Just so you understand that the Democrats in the Senate are fully aware of their hypocrisy, heed Tom Daschle's words of early May:
We just won't allow the vote.
Even when the Democrats were still in the minority, they intentionally obstructed confirmations. Now that they're in the plurality... well, maybe the President has a point about military tribunals.
Last night I attended the 15th Annual Convention of the Federalist Society - what some liberals actually call "the conservative cabal" - to hear Vice President Dick Cheney and Secretary of Labor Elaine Chao speak.
Cheney opened up with a bang. He said of Saturday Night Live comic Darrell Hammond, who does frequent Cheney impersonations,
He's got the mannerisms down, he's got the voice pretty well, but he'll never quite capture the real me. You see, you just can't fake charisma.
That line, of course, brought the house down. But then Cheney turned to more serious issues, the current war against terrorism and the historically unprecedented failure of the Democrat-controlled Senate to confirm Bush judicial nominees.
In 1998, there were only 85 vacant judgeships, a rate of about 10%, according to the American Judicature Society. President Clinton had only offered nominations for 41 of those posts, and then had the nerve to use his State of the Union address to lambaste the Senate for its supposed inaction. Senator Patrick Leahy famously intoned,
Any week in which the Senate does not confirm three judges is a week in which the Senate is failing to address the vacancy crisis. Any fortnight in which we have gone without a judicial confirmation hearing marks 2 weeks in which the Senate is falling further behind.
Now that Senator Leahy is in charge of scheduling those hearings, how is he handling the crisis?
Today, there are 107 vacancies in the Federal courts -- 75 in the district courts and 32 in the appellate courts. And as of today, only 4 of the 29 judicial nominations sent to the Senate since early May have had a hearing. Only three have been confirmed.
That data comes from an August 1, 2001 column by the Free Congress Foundation's John Nowacki. Not much has changed since then - the Sixth Circuit Court of Appeals, for example, currently has nine judges, one of whom is about to retire. There are sixteen seats in the Sixth Circuit. That means we will soon have a vacancy rate of 50% for a single appellate court. The President has nominated six candidates for these seats, but the Senate has not had a single hearing on any of them. Unthinkable!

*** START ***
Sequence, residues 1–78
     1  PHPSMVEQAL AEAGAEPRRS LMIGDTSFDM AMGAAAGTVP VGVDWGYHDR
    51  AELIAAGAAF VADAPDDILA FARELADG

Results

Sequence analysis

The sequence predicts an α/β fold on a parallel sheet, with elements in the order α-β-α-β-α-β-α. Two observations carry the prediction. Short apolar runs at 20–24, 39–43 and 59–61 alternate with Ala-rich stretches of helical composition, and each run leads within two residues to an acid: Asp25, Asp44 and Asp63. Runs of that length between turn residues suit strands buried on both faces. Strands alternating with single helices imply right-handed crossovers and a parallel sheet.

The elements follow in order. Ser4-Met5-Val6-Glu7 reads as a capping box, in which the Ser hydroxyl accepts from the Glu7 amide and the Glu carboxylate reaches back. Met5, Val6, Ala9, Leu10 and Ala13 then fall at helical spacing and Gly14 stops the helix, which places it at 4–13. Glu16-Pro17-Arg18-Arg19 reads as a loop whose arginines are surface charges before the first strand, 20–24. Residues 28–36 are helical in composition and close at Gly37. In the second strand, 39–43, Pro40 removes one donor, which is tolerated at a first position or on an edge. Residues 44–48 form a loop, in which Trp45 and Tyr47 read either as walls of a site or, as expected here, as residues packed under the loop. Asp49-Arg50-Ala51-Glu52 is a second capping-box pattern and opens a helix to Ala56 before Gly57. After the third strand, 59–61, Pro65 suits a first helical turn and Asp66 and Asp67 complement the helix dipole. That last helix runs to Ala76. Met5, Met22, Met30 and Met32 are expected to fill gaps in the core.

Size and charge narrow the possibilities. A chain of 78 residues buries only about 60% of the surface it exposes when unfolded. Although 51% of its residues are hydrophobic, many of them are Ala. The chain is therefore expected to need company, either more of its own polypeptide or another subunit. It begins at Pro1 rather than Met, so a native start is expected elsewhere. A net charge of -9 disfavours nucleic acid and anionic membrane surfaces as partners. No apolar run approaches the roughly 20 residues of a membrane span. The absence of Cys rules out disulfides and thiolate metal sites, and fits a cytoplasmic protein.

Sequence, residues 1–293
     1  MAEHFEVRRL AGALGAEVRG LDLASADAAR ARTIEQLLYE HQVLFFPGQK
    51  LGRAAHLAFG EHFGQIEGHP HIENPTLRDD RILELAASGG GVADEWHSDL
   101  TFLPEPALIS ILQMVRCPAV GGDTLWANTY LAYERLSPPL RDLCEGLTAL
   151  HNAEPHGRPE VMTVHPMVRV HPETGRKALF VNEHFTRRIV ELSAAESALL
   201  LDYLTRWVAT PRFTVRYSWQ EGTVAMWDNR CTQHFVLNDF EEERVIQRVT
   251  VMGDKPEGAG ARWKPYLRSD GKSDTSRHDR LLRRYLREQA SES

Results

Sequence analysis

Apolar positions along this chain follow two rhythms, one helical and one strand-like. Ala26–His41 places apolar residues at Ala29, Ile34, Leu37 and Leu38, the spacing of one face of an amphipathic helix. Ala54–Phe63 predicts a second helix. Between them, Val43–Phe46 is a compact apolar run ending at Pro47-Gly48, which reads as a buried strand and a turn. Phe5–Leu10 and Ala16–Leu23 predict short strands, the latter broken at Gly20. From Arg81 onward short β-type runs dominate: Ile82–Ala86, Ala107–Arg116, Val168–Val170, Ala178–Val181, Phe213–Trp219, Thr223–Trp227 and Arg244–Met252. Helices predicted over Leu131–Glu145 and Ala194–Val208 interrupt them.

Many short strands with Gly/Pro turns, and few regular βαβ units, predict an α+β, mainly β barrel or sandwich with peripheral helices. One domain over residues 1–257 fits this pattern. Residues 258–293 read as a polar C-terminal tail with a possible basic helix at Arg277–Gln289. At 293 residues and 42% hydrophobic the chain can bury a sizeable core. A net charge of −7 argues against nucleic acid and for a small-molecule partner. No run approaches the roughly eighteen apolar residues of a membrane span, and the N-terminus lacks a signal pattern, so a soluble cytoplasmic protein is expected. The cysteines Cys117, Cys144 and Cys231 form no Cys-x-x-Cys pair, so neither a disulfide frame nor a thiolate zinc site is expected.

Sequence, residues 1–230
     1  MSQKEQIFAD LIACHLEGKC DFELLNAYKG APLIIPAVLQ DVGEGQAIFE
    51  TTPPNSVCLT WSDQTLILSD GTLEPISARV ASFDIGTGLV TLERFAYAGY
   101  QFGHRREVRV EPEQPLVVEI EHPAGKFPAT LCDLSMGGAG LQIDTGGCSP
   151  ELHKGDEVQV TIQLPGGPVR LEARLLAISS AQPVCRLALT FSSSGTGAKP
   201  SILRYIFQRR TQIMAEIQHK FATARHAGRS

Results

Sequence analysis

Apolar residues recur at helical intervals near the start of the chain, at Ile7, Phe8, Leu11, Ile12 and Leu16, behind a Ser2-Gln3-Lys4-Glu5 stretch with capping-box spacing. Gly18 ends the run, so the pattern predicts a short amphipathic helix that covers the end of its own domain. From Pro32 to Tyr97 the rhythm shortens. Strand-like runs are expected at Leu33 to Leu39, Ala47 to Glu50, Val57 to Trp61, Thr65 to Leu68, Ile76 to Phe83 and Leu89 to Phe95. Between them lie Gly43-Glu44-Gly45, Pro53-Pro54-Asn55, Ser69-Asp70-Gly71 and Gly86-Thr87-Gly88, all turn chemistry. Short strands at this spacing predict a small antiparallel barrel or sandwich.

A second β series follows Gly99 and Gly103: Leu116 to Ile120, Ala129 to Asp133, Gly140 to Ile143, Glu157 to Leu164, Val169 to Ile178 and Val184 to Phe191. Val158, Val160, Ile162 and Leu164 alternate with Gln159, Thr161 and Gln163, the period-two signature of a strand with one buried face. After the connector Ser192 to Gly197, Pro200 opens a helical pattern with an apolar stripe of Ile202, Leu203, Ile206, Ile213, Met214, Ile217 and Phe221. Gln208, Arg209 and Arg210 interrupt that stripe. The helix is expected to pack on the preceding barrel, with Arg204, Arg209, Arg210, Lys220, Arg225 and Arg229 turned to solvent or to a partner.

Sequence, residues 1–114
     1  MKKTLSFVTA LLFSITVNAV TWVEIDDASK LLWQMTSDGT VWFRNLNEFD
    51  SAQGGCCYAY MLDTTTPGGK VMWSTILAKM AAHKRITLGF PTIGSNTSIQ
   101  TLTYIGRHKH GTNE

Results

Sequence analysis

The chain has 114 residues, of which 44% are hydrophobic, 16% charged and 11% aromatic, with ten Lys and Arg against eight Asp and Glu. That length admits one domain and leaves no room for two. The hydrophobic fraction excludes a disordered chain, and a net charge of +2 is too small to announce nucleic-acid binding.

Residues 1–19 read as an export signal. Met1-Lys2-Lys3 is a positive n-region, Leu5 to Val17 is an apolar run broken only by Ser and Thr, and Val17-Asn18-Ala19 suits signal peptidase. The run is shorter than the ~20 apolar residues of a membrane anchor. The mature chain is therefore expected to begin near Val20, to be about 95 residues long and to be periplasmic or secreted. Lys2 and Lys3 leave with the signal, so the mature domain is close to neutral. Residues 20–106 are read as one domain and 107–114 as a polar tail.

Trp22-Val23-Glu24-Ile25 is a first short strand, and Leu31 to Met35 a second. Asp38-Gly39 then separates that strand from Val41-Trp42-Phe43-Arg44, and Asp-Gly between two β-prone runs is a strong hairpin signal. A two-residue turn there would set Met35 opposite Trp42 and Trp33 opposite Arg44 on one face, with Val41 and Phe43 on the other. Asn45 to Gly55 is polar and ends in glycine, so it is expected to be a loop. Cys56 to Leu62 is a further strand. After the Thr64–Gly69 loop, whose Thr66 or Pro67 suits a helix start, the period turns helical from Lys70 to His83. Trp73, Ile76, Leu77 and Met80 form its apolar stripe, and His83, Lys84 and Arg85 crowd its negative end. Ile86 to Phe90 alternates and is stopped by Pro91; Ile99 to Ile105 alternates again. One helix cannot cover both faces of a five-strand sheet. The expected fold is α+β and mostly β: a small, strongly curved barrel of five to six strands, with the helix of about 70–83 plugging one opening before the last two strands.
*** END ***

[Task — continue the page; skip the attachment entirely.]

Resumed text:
The rank hypocrisy of the Senate Democrats on judicial nominations must end, and must end now. As soon as the Senate resumes a normal schedule, it must immediately move to hearings on these nominees and floor votes as quickly as can be scheduled. Anything less is a betrayal of the nation and a deprivation of justice to its citizens.
The World Trade Organization has flexed its legal muscle to shut down Jonathan Prince's well-known parody site at gatt.org. The WTO claims trademark and copyright infringement, and has persuaded Jonathan's web host service to shut the site down. I have a feeling this is just beginning.
The Bush administration recently defended the President's order to try suspected international terrorists before military tribunals, provided they are not citzens of the United States, without the benefit of the "principles of law and the rules of evidence" that govern ordinary criminal trials.
Even former prosecutor, current Congressman, and conversative torch-bearer Bob Barr reacted angrily:
[I]t seems their attitude is, 'Well, that wasn't enough so we're going to take more,' I'm not sure we can ever satisfy the federal government's insatiable appetite for more power.
Vice President Dick Cheney said of the as-yet-undetermined people who might be tried by secret military courts:
They don't deserve the same guarantees and safeguards that would be used for an American citizen going through the normal judicial process.
Why don't "they" deserve protection, Mr. Cheney? Is it because they are non-citizens? Is it because we have already presumed them guilty before trial? Either answer is unacceptable.
Forces arriving in Kabul disocvered Taliban instruction manuals on how to poison children and assemble bombs: "A dose equal to seven seeds will kill a child."
Can anyone explain to me a valid reason Bush is still caught up in his missile shield beyond the usual graft for the defense industry? It certainly wouldn't have helped on 9.11, if it even works.
Been there, done that a month ago.
Donnie sez: Texas got shafted in its most recent re-districting plan, released by three federal judges. As opposed to the last judicially-drawn map, this one protects all current incumbents and preserves a Democratic majority in its House delegation despite a strong Republican lean for the state as a whole.
I don't understand why judges are drawing Congressional districts in Texas; it's a political process and should be handled by political, not judicial, officers. Apparently Texas law provides that the judges have to step in only when the legislature fails to do thier jobs.